The quotes saying the US has no cost premium over Europe come from takeaways 2 and 3. Those are regression analyses comparing cost per km to the tunnel proportion (takeaway 3) or at-grade proportion (takeaway 2). There are two separate regression lines for each of the two takeaways, one looking at US projects and one at non-US ones. In both cases, the American regression line is well over the European-and-Canadian line for tunneled projects but the lines intersect roughly when the line goes to 0% underground. This leads to the conclusion that the US has no premium over Europe for light rail projects. Moreover, because the US has outliers in New York, the study concludes that there is no US premium outside New York. Unfortunately, these conclusions are both false.
The reason the regression lines intersect is that regression is a linear technique. The best fit line for the US construction cost per km relative to tunnel proportion has a y-intercept that is similar to the best fit line for Europe. However, visual inspection of the scattergram in takeaway 3 shows that at 0% underground, most US projects are somewhat more expensive than most European projects; this is confirmed in takeaway 4. All this means that the US has an unusually large premium for tunneled projects, driven by the fact that the highest-cost part of the US, New York, builds fully-underground subways and not els or light rail. If instead of Second Avenue Subway and the 7 extension New York had built high-cost els, for example the plans for a PATH extension to Newark Airport, then a regression line would show a large US premium for elevated projects but not so much for tunnels.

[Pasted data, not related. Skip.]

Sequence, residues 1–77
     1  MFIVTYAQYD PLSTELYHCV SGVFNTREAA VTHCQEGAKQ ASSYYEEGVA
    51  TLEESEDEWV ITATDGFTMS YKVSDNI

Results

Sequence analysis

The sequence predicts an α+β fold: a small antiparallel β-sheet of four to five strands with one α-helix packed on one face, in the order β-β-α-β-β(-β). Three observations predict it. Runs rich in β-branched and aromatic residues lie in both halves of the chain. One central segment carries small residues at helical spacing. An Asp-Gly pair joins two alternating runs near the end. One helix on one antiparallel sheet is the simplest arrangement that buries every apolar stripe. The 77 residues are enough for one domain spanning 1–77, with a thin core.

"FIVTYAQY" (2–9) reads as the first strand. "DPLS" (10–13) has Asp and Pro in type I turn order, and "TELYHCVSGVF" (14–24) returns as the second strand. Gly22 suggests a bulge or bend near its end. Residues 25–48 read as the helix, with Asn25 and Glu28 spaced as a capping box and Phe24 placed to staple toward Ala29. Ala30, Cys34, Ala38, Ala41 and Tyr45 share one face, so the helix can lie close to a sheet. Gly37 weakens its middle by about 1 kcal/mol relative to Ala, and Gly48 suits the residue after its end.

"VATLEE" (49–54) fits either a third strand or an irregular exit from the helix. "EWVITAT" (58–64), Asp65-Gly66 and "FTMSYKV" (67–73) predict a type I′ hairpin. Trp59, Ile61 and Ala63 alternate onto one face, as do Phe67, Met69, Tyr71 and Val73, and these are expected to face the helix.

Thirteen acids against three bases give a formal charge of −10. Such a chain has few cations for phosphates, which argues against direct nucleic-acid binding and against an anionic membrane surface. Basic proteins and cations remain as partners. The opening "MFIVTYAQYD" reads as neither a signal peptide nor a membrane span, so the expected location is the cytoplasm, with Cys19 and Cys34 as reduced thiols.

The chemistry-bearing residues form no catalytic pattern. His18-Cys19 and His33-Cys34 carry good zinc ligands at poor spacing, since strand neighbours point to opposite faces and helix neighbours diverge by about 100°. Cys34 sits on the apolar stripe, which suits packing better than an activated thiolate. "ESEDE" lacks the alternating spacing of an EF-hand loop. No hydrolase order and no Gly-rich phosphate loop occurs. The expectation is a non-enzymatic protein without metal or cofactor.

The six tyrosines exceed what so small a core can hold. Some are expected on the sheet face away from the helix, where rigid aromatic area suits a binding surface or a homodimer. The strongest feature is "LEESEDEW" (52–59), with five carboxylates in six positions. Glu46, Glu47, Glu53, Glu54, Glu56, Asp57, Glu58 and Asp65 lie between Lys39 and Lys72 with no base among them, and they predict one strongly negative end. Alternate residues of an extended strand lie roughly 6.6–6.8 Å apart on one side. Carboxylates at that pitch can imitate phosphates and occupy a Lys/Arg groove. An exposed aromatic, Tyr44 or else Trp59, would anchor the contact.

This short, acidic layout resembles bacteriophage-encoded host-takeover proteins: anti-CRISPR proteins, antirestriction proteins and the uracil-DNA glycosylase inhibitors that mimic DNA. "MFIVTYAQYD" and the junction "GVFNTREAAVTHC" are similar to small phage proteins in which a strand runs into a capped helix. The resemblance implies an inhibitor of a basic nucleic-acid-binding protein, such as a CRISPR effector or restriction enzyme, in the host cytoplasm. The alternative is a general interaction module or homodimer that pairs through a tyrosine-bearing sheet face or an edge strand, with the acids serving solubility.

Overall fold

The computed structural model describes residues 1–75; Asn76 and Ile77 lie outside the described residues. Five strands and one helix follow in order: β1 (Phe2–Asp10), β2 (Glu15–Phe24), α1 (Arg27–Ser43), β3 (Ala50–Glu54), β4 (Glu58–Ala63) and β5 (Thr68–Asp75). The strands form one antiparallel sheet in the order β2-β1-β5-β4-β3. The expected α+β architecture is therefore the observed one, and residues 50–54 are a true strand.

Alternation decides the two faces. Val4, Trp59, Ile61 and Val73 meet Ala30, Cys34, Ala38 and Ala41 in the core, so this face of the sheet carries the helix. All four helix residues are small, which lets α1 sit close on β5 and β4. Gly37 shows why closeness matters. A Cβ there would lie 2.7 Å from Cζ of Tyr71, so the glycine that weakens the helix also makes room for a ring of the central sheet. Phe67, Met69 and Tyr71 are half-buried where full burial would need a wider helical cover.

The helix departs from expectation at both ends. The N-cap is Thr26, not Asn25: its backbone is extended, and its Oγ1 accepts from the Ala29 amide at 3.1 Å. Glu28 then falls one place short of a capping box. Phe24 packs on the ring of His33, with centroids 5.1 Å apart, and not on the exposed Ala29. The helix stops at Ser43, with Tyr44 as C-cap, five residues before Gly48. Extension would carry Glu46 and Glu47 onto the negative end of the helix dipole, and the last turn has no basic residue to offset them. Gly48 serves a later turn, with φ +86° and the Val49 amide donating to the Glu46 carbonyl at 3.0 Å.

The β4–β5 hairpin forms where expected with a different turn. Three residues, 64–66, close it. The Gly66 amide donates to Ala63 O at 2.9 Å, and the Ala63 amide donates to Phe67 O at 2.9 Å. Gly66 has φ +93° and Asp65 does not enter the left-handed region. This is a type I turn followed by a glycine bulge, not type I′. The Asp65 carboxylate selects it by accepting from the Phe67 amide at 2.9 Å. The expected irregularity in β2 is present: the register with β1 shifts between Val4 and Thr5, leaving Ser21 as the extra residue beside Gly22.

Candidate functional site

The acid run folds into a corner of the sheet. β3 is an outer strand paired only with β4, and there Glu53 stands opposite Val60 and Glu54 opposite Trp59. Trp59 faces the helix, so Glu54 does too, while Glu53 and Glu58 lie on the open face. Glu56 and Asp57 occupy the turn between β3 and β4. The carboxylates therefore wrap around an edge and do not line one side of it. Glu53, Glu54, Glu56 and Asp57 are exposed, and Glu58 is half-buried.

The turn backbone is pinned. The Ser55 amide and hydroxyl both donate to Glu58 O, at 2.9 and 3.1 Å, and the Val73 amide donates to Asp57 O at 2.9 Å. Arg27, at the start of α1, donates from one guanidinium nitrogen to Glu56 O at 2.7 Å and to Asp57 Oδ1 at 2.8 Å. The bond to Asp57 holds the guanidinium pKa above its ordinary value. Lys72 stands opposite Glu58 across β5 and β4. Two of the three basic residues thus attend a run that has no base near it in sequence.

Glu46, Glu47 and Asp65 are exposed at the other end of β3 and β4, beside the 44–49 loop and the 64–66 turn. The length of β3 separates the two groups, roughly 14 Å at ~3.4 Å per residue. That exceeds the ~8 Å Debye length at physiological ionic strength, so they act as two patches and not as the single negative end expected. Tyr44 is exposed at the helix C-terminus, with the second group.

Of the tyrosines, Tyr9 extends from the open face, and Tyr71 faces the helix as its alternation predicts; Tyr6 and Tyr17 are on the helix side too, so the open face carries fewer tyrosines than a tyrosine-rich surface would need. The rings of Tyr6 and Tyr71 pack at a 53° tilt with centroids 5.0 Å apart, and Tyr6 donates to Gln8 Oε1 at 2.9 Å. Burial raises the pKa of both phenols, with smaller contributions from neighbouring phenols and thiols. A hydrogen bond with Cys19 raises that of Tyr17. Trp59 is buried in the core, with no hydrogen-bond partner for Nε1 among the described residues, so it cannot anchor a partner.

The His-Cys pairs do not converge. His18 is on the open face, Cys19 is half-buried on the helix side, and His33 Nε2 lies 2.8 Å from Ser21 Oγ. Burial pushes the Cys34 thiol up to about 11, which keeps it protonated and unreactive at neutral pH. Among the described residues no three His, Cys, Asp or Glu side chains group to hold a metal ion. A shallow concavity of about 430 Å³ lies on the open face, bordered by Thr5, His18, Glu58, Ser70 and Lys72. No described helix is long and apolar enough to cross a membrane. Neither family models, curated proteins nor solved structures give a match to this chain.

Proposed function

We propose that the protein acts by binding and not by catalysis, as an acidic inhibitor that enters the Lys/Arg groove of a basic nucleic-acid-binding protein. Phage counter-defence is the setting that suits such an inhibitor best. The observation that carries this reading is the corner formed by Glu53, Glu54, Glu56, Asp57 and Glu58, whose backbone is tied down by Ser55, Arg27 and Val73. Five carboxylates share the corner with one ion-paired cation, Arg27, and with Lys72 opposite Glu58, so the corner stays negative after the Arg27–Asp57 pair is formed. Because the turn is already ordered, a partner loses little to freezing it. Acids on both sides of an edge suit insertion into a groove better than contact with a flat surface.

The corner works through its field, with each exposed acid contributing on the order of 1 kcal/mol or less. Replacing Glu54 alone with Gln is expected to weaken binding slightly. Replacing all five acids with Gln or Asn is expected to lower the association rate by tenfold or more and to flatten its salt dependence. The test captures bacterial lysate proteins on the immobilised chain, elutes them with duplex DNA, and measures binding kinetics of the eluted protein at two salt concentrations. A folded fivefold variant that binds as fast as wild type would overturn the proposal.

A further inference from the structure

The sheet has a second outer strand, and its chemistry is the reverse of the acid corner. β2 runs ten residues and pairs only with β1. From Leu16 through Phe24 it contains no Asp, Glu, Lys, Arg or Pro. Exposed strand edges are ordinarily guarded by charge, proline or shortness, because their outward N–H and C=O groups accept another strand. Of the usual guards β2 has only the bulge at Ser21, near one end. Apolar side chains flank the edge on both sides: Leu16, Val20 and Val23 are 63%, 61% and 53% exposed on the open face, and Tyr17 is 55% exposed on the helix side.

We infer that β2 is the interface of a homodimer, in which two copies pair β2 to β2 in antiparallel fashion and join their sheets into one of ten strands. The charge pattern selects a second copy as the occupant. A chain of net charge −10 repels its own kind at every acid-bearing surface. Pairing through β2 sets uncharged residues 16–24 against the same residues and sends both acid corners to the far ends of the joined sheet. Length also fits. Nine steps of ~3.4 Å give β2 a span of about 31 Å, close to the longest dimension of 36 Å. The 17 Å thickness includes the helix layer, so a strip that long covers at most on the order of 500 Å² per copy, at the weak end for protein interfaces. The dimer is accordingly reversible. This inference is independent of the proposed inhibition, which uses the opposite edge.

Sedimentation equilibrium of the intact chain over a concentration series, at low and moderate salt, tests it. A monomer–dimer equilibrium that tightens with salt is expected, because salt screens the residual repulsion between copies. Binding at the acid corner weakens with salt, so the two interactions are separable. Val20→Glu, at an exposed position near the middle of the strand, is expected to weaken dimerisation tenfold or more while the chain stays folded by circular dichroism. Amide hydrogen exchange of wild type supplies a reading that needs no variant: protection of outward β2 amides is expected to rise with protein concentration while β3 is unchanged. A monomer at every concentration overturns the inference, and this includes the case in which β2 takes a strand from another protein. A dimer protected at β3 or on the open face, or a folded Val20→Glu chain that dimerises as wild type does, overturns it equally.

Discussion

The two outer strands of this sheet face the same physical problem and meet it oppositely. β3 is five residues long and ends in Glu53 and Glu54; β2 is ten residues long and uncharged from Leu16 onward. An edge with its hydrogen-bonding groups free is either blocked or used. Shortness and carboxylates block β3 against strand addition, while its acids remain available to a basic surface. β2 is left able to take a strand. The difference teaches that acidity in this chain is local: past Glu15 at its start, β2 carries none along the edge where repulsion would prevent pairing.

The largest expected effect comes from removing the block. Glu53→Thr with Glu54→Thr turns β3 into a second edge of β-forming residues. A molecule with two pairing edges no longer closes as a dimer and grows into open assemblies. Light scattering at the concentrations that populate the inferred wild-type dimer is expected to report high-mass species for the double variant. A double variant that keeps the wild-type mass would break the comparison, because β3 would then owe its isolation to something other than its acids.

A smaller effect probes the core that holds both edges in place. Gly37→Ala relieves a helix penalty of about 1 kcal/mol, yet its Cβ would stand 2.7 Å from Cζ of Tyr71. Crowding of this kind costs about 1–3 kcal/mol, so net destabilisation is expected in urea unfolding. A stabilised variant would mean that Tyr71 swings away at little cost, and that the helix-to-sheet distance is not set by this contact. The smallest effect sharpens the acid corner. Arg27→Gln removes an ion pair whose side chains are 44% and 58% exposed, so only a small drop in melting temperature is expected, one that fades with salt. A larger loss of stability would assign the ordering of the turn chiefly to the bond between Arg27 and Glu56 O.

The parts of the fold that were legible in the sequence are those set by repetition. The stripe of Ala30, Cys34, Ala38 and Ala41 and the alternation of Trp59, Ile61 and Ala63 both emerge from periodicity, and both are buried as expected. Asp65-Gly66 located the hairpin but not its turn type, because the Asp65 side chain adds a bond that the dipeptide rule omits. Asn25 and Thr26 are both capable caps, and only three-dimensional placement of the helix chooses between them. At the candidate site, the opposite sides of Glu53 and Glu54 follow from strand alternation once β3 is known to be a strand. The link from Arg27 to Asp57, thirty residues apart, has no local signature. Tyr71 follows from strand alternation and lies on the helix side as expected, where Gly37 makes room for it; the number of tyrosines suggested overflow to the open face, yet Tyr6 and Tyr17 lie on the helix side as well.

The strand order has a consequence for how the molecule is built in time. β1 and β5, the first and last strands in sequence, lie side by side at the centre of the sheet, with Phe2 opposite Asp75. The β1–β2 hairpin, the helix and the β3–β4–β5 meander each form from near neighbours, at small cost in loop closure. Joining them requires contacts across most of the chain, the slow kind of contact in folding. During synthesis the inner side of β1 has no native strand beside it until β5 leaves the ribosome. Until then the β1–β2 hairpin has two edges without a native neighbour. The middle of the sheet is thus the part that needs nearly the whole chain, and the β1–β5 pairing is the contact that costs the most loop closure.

I tag this post “good/interesting studies” and not just “shoddy studies” because the inclusion of takeaway 4 makes this clear: there is a US premium for light rail, it’s just smaller than for subways, and then regression analysis can falsely make this premium disappear. This is an error, but an interesting one, and I urge people who use statistics and data science to study the difference between takeaways 2 and 3 and takeaway 4 carefully, to avoid making the same error in their own work.
Eno has a link to its dataset, from which one can see which projects are included. It’s notable that Eno is comprehensive within the United States, but not in Europe. Unfortunately, this introduces a bias into the data, because it’s easier to find information about expensive projects than about cheap ones. Big projects are covered in the media, especially if there are cost overruns to report. There is also a big-city premium because it’s more complicated to build line 14 of a metro system than to build line 1, and this likewise biases incomplete data because it’s easier to find what goes on in Paris than to find what goes on in a sleepy provincial town like Besançon. Yonah Freemark thankfully has good coverage of France and includes low-cost Besançon, but Eno does not – its French light rail database is heavy on Paris and has big gaps in the provinces. French Wikipedia in fact has a list, and all of the listed systems, which are provincial, have lower costs than Paris.
There is also no coverage of German tramways; we don’t have such coverage either, since there are many small projects and they’re in small cities like Bielefeld, but my understanding is that they are not very expensive. Traditionally German rail advocates held the cost of a tramway to be €10 million/km, which is clearly too low for the 2010s, but it should lower the median cost compared to the Paris-heavy, Britain-heavy Eno database.